Report: Could a jump-start give Sunderland a burst of energy?

What are the big issues facing the people of Sunderland? Can politics do anything to fix them? And will it be easier or harder to do so if we quit the EU?

These were topics eight constituents debated with local MP Bridget Phillipson and CommonGround on February 2, just hours before Nissan abandoned plans to build its X-Trail model at its vast plant in the city– citing Brexit uncertainty as one of the reasons. Sunderland famously voted Leave in 2016, despite its exposure to the car industry.

Problems, problems

The constituents spent the first half of the two-hour session identifying issues. The “B word” was mentioned a few times. But most of the passion concerned a litany of other problems: the “dying” city centre, the city’s image in the rest of the UK, child poverty, privatisation of the NHS, homelessness, empty homes, universal credit, food banks, people leaving the city, no job opportunities for graduates, lack of aspiration, loneliness, zero hour contracts, brownfield sites, and public transport.

Quite a lot was said about transport. Parking was a “mess” in the city centre. New estates were built without public transport links, meaning people needed cars. Some bus services stopped at 6pm. One bus took such a roundabout route that you needed to “take a packed lunch” on it.

There was also a sense of unfairness. Sunderland didn’t get much public money unlike cities in the south of England. It wasn’t even doing as well as nearby Newcastle and Durham. And without public money, it wasn’t getting much private investment. Locals weren’t staying and outsiders weren’t coming.

A young man, studying politics at Leeds University, said he didn’t think he’d come back to settle in the city. A woman said all her kids had left for London and Edinburgh. She added: “People won’t come to work in Sunderland if they have the choice of leafy suburbs in Surrey. You can’t blame them.”

What about the good things?

So lots of problems. But what about the city’s good features? Friendly people is certainly one – “more than down south where people are stuck up their own behinds”. The people are one of the best things “proud, caring and hard working”, said the student. Resilience was another quality people mentioned: “We’re strong, we come back.”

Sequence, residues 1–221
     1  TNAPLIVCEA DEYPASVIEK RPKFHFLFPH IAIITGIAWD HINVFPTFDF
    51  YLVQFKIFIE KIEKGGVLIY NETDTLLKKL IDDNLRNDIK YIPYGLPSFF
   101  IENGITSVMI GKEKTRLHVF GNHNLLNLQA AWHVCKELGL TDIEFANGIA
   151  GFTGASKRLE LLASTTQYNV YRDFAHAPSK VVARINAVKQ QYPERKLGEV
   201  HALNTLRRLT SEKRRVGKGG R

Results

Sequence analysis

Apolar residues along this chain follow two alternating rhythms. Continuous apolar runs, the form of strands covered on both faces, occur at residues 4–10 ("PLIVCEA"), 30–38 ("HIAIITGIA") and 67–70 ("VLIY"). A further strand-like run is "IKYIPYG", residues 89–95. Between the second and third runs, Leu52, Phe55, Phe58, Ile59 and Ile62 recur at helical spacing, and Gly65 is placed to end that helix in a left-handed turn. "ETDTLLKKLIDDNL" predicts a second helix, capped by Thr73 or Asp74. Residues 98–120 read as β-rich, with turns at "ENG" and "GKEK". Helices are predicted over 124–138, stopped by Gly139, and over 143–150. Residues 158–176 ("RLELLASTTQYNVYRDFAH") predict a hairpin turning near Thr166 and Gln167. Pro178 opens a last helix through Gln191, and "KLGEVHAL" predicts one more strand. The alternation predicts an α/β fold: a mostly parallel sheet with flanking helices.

Other good things? The football club, the beautiful sea front and lovely beaches, the bridge, a fire station that has been converted in the city centre, an old pit now used for events (but not often enough), the once-a-year air show, the thriving software hub, the university and the medical school about to open. But two people couldn’t think of anything good about the city.

We had a brief discussion about immigration. One man said there was a small Bangladeshi community that didn’t always integrate. One woman said Sunderland had lost out on the chance to be the city of culture because it was not ethnically diverse. Another said they should invite other cultures to display food etc at events such as the air show.

One woman said immigration had been an issue in the referendum but “it was the perception of immigration because we don’t have any here.” A few said that the far right had tried to stir up racial hatred with marches in the city. One man said: “Noone’s 100% British. We’ve all got different blood in us, including Viking blood.”


What about politicians? Could they help solve the problems the group had identified?

One view was that politicians don’t care, “they are in it for themselves”, they are “too scared to step out of the party line” and that they “don’t answer the question”.